Social Security trustees predict benefit cuts in 2033 without congressional action

Social Security news graphic

(Missouri Independent) –  Social Security will no longer be able to pay full benefits in 2033, a year earlier than previously expected, according to a report released Friday.

The updated projections, in the annual trustee report, mean that without action to stabilize the Old-Age and Survivors Insurance Trust Fund, Social Security would have enough money to pay about 77% of the total scheduled benefits.

A separate report for Medicare shows that its Hospital Insurance Trust Fund can continue paying full benefits through 2031, three years longer than previously expected. The fund would then have enough money to pay about 89% of the expected benefits.

Maya MacGuineas, president of the nonpartisan, nonprofit Committee for a Responsible Federal Budget, sharply criticized lawmakers in a written statement following the report’s release, saying “many in Washington would rather weaponize these programs than save them.”

“Anyone who pledges not to touch Social Security is endorsing a 20 percent across-the-board cut in benefits,” MacGuineas said. “Refusal to fix Medicare means supporting major disruptions in health services.”

Centers for Medicare and Medicaid Services Administrator Chiquita Brooks-LaSure said in a written statement accompanying the report that the Biden administration looks “forward to working with Congress to strengthen this vital program serving over 65 million Americans.”

Kilolo Kijakazi, Social Security acting commissioner, said “Trustees continue to recommend that Congress address the projected trust fund shortfalls in a timely fashion to phase in necessary changes gradually.”

“Social Security will continue to play a critical role in the lives of 67 million beneficiaries and 180 million workers and their families during 2023,” Kijakazi added. “With informed discussion, creative thinking, and timely legislative action, Social Security can continue to protect future generations.”

The report’s release comes amid a tense back-and-forth between U.S. House Speaker Kevin McCarthy and President Joe Biden over the federal budget deficit and the $31 trillion national debt.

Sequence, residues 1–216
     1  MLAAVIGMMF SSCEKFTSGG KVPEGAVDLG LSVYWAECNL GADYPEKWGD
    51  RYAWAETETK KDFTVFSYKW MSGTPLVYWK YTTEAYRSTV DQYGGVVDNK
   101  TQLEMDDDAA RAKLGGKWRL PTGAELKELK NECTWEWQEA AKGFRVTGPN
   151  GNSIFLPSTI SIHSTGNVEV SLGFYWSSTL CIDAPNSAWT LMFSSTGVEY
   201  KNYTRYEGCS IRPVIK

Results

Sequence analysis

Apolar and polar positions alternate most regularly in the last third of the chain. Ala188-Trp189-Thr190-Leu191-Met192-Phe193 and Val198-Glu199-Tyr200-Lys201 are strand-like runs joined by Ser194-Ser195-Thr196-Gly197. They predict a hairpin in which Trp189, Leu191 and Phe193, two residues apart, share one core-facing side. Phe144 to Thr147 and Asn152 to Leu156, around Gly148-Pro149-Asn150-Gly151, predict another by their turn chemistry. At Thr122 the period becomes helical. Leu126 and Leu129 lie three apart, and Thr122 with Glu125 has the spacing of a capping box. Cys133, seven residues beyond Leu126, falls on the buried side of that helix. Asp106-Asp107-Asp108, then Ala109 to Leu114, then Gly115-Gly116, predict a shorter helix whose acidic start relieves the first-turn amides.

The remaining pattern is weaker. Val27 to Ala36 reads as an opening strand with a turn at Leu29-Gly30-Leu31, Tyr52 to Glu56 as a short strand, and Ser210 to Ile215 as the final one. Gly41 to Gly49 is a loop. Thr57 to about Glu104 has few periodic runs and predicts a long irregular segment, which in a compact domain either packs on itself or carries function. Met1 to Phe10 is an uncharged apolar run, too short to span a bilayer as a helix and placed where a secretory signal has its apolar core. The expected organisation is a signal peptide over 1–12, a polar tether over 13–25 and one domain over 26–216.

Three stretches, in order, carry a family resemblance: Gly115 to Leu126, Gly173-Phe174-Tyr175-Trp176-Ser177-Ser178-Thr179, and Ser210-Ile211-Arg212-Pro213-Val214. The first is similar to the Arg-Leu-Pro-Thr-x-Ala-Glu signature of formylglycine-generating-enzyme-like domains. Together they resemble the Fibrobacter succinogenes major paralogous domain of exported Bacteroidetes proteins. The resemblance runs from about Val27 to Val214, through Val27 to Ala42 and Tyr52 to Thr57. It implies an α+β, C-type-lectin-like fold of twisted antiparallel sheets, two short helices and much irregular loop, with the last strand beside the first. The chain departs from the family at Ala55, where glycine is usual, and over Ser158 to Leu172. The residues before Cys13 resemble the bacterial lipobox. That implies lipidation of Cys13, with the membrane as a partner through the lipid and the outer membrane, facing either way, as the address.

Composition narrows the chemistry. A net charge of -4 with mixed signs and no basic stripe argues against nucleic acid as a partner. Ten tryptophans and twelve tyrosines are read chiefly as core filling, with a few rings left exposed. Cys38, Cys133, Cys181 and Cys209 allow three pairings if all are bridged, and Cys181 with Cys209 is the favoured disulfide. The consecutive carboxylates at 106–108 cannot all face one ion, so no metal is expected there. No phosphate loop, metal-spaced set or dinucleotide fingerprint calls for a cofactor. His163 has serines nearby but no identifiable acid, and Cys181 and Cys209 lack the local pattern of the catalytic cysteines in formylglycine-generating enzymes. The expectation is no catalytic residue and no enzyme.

Biden has repeatedly called on Congress to raise the nation’s borrowing limit, known as the debt ceiling, without strings attached.

McCarthy and many House Republicans have said cuts to future spending must go along with legislation to raise the debt limit, though they’ve mostly ruled out raising additional revenue through taxes.

McCarthy has pledged not to cut Social Security or Medicare. House Republicans, however, have not yet released their budget resolution for the upcoming fiscal year. The tax and spending blueprint would detail how the party wants the federal government to approach fiscal policy during the next decade, including on entitlement programs.

The Biden administration has repeatedly called on House Republicans to release the document so the two can begin negotiations over future revenue and spending. House Republicans have given no timeline for releasing the budget.

If negotiators can’t broker a bipartisan debt limit deal before the summer deadline, and the nation begins its first-ever debt default, Social Security and Medicare benefits would likely be delayed. The extent of those delays is unknown.

Jennifer Shutt

Jennifer covers the nation’s capital as a senior reporter for States Newsroom. Her coverage areas include congressional policy, politics, and legal challenges with a focus on health care, unemployment, housing, and aid to families. Before joining States Newsroom, Jennifer covered Congress for CQ Roll Call for more than six years. As a budget and appropriations reporter, she tracked the annual federal funding process as well as disaster aid and COVID-19 spending. Jennifer is originally from northern Pennsylvania and holds degrees in journalism and political science from Penn State University. After graduating, she began her journalism career as a reporter for The Daily Times in Maryland where she covered local and state government. Jennifer then moved to Washington, D.C. to work as a web producer at Politico.